Labour will build a 21st century Rapid Transit system for Christchurch, says Labour Leader David Cunliffe. “The long delayed recovery of Christchurch hinges on a modern commuter system for the city. “We will invest $100 million in a modern rail plan...
    Labour | 31-08
  • Labour’s commitment to public broadcasting
    A Labour Government will set up a working group to re-establish a public service television station as part of our commitment to ensuring New Zealand has high quality free-to-air local content. “We will set up a working group to report...
    Labour | 31-08
  • A new deal for the conservation estate
    The health of our economy depends on New Zealand preserving and restoring our land, air, water and indigenous wildlife, says Labour’s Conservation spokesperson Ruth Dyson. Announcing Labours Conservation policy, she said that there will be a comprehensive plan to restore...
    Labour | 31-08
  • Labour’s plan to end homelessness
    Labour has a comprehensive approach to end homelessness starting with the provision of emergency housing for 1000 people each year and putting an end to slum conditions in boarding houses, Labour Leader David Cunliffe says. “Labour believes that homelessness is not...
    Labour | 30-08
  • Labour: A smarter approach to justice
    A Labour Government will improve the justice system to ensure it achieves real public safety, provides equal access to justice and protects human rights, Labour’s Justice spokesperson Andrew Little says. “Our approach is about tackling the root causes of crime, recognising...
    Labour | 29-08
  • Labour to foster Kiwi love of sport and the great outdoors
    A Labour Government will promote physical activity, back our top athletes and help foster Kiwis’ love of the great outdoors by upgrading tramping and camping facilities. Trevor Mallard today released Labour’s sports and recreation policy which will bring back a...
    Labour | 29-08
  • Pacific languages recognised under Labour
    Labour will act to recognise the five main Pacific languages in New Zealand including through the education system, said Pacific Affairs spokesperson Su’a William Sio. Announcing Labour’s Pacific Island policy he said that there must be a strong commitment to...
    Labour | 29-08
  • No healthy economy without a healthy environment
    Labour recognises that we cannot have a healthy economy without a healthy environment, says Environment spokesperson Moana Mackey announcing Labour’s environment policy. “New Zealand’s economy has been built on the back of the enormous environmental wealth we collectively enjoy as...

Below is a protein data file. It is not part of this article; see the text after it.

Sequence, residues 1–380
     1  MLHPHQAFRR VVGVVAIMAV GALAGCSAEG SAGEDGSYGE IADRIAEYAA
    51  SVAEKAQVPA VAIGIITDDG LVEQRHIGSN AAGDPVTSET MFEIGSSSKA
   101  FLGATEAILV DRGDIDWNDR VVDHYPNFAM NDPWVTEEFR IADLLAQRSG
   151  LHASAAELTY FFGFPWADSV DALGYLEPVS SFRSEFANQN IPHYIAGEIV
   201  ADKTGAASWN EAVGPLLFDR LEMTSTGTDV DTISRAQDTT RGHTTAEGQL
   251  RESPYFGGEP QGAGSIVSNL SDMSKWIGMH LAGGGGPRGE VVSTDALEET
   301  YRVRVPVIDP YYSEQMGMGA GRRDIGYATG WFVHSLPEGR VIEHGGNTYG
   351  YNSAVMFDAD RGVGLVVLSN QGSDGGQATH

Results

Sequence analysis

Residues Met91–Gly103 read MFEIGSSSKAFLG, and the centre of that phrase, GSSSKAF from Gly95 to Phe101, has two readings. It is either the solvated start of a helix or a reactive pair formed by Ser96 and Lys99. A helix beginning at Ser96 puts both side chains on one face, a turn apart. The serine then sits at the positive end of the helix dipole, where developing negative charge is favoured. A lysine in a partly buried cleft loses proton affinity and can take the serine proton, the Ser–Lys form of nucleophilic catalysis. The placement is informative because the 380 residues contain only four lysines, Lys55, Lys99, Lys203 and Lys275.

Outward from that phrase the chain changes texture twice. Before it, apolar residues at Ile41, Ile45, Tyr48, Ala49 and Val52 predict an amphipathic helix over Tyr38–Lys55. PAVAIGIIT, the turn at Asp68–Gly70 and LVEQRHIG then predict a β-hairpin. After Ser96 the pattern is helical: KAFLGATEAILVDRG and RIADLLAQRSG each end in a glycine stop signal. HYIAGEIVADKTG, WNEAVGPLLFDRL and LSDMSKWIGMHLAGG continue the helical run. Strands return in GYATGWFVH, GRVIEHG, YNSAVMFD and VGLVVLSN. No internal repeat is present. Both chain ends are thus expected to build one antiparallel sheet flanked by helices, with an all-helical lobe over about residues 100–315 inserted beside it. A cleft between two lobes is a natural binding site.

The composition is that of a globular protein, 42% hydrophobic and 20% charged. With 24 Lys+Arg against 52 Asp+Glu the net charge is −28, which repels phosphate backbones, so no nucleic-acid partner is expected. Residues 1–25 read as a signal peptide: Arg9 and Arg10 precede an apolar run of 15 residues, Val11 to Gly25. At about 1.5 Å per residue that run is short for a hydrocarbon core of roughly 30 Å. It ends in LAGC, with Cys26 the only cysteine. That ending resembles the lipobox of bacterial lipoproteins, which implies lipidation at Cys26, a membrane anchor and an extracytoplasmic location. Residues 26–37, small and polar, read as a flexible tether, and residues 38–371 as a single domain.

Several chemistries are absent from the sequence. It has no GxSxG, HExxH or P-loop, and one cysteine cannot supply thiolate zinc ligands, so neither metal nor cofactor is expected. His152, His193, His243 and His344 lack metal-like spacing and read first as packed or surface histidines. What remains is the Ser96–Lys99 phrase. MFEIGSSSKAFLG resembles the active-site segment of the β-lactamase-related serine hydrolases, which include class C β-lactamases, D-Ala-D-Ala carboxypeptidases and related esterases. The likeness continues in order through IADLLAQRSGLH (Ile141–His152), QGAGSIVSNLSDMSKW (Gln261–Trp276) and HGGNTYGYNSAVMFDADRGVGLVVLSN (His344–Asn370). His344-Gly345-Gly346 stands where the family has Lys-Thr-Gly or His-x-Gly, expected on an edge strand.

Labour | 28-08
  • Better protection, fairer deal for Kiwi consumers
    Tackling excessive prices, ensuring consumers have enough information to make ethical choices and giving the Commerce Commission more teeth are highlights of Labour’s Consumer Rights policy. “The rising cost of living is a concern for thousands of Kiwi families. A...
    Labour | 28-08
  • Media Advisory – MANA Movement Candidate for Waiariki Annette Sykes, Waia...
    Media are advised that this coming weekend, the MANA Movement Candidate for Waiariki, Annette Sykes, will be on the Internet MANA Road Trip within the electorate of Waiariki. Speakers confirmed are Annette Sykes, Hone Harawira, John Minto, Laila Harre and Kim...
    Mana | 27-08
  • Internet MANA – Waiariki Road Trip: 29, 30, 31 Aug 2014
    The Internet MANA Road Trip hits Waiariki this weekend. It would be great if all MANA members in Waiariki could especially attend the public meetings and show their support for our Waiariki candidate Annette Sykes. Confirmed speakers Hone Harawira (except Taupo), Annette...
    Mana | 27-08
  • First home buyers $200 a week better off with Labour
    A couple earning around $75,000 a year would be $200 a week better off buying a two bedroom terraced Labour KiwiBuild home instead of an equivalent new build under National’s housing policy, says Labour Leader David Cunliffe.  “National’s policy to...
    Labour | 26-08
  • Another Day – Another big power profit
    The latest profit announcement from Genesis Energy shows that the power company was sold for a song to the detriment of the country’s power consumers, says Labour’s Energy spokesperson David Shearer. “A net profit of $ 49.2 million follows hard...
    Labour | 26-08
  • Labour embraces the rainbow
    Labour will work hard to ensure all New Zealanders enjoy the freedom to grow up and live their lives in dignity and security. Labour’s Rainbow policy, released tonight in Wellington, focuses on International Relations, Human Rights and Education....
    Labour | 26-08
  • National gets fast and loose with the facts
    In their desperation to make it look as though they are doing something about the housing crisis, National is playing fast and loose with the facts, says Labour’s housing spokesperson Phil Twyford....
    Labour | 26-08
  • Labour will drop power prices for Kiwi families